So, we ran the obvious follow-up experiment: We tested a variation featuring the vertical module design with the add-to-cart focused call-to-action. We expected to see at least a 29% increase in transactions. We used variation B from the previous test as the Control, following proper Design of Experiments.
As predicted, when we tested the “Add To Cart” call-to-action on the vertical modules, we saw a whopping 38.1% increase in transactions (more than double the 16.4% increase we observed with the horizontal layout, and 9 percentage points more than the estimate).
It never gets old to see isolations at work. The ‘A-ha!’ moment here is that no test ever has to be a ‘loser’. If you structure your tests using isolations, you will be able to track the potential impact of each change.
This entire time, we were assuming that users needed more information to make a technical product selection. We were focused on making the specs easier to compare, when there was an entire segment of the audience that was ready to put the product in their cart without more investigation. Sometimes you have to challenge your assumptions. In this case it paid off!
– Michael St Laurent, Optimization Strategist, WiderFunnel
‘A-ha!’ #4: De-emphasizing price reduces user anxiety
One of our clients is Vital Choice, a trusted source for fast home delivery of the world’s finest wild seafood and organic fare, harvested from healthy, well-managed wild fisheries and farms.
Our fourth ‘A-ha!’ moment from 2016 came out of the testing we did with Vital Choice on their product detail pages and revolves around de-emphasizing price, in favor of value proposition points.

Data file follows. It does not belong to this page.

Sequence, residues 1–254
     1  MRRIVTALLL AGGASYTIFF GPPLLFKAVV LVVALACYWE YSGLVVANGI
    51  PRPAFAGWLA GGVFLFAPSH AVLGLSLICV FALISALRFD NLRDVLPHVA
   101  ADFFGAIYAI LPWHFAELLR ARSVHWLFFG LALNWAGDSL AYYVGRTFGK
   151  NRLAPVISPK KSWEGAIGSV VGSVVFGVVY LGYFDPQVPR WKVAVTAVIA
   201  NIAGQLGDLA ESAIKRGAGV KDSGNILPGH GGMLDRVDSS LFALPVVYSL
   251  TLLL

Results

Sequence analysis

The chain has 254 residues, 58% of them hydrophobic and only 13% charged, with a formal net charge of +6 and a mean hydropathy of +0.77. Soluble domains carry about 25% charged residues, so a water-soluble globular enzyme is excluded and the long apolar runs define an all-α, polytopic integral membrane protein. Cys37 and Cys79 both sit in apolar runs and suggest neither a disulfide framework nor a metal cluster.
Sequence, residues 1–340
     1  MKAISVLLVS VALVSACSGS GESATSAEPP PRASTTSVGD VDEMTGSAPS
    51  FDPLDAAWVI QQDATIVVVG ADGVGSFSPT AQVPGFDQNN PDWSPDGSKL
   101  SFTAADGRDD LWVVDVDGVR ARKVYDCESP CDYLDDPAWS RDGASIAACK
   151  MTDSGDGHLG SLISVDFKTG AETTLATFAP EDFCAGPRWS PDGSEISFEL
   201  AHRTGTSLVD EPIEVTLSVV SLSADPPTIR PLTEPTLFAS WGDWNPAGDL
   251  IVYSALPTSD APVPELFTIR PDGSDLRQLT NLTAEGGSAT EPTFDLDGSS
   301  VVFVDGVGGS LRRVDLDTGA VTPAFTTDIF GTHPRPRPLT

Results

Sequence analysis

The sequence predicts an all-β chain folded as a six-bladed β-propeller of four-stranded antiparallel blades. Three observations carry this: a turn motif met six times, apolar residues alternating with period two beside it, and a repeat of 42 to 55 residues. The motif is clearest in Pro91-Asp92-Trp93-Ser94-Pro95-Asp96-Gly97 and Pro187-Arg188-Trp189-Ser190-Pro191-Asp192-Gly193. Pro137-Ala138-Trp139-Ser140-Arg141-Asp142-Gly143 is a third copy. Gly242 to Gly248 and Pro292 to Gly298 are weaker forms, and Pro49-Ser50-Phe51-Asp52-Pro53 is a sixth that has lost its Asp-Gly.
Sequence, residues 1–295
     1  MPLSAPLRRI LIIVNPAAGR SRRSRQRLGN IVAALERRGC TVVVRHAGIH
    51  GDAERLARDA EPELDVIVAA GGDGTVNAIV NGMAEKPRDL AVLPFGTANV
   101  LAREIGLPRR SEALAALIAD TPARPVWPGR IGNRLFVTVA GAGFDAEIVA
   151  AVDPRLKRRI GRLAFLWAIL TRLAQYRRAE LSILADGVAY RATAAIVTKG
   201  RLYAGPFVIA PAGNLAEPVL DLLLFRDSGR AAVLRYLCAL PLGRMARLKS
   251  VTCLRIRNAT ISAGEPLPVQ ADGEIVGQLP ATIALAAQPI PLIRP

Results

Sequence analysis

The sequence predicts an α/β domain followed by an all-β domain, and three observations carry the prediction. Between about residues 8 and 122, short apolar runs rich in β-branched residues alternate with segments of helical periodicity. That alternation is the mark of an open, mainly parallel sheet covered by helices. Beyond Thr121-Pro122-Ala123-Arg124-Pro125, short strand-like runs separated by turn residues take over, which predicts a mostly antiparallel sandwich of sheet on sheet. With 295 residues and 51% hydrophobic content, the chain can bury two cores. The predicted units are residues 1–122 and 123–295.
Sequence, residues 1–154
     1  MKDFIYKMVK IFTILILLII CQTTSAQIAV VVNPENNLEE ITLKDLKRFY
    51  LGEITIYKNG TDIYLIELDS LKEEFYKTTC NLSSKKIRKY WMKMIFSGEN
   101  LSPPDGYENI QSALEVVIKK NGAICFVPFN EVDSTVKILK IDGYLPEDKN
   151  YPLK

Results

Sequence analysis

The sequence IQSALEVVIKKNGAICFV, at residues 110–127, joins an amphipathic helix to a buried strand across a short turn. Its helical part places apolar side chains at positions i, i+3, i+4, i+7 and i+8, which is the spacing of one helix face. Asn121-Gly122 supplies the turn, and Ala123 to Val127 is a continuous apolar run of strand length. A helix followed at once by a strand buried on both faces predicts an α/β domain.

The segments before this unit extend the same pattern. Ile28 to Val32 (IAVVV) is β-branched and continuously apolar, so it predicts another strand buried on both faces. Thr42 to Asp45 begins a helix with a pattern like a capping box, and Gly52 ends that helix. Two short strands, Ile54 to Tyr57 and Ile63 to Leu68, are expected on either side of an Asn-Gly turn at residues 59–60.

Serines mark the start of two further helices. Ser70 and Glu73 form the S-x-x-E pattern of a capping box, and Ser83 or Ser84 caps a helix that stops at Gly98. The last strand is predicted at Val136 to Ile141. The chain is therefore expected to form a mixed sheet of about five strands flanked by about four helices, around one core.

While the results may not be surprising, the WiderFunnel Strategy team would not have prioritized this particular test if they hadn’t done extensive user research beforehand. Because we took the pulse of Vital Choice users, we were able to reduce anxiety and provide more motivation to purchase.
Let’s say you wanted to order a few organic, grass-fed American Wagyu beef patties from the Vital Choice website. You would have eventually landed on a detail page that looked like this (the Control in this experiment):
As you can see, price is displayed prominently near the ‘Add To Cart’ call-to-action. But, during the Explore (information gathering) phase, WiderFunnel Optimization Strategist, Dennis Pavlina, identified several common themes of barriers to conversion in user survey responses, including:
Price: Users love Vital Choice and the excellent quality of their products, but they often mention the premium they are paying. For many users, it is a ‘treat’ and a ‘luxury’ to buy from Vital Choice. Price-related themes, such as discount codes or coupons, also came up often in surveys.
Shipping: Users often express concern about how frozen perishable items are shipped, particularly in warmer climates in the U.S.
If we could reduce user anxiety in these two areas, we believed Vital Choice would see a surge in conversions.
Hypothesis: Adding relevant value proposition points that justify the price and quality of the product, and adding copy to reduce anxiety around shipping in close proximity of the order area on the product page, will increase conversions.
It was unclear what users would receive in their shipment i.e. how it would be shipped to them, how long it would take, etc. (Anxiety)
There were no prominently displayed value proposition points to justify the price of the product. (Value Proposition)
There was a lot of emphasis on the price of the product. (Anxiety)
This variation led to a 3.3% increase in conversions and a 2.7% increase in average order value, resulting in almost $250,000 in estimated additional annual revenue.
Conversions were up for almost every goal we tracked: Visits to checkout (step 2), visits to checkout (step 3), visits to checkout (step 4), total visits to cart, and average order value. But they were down to unique visits to cart.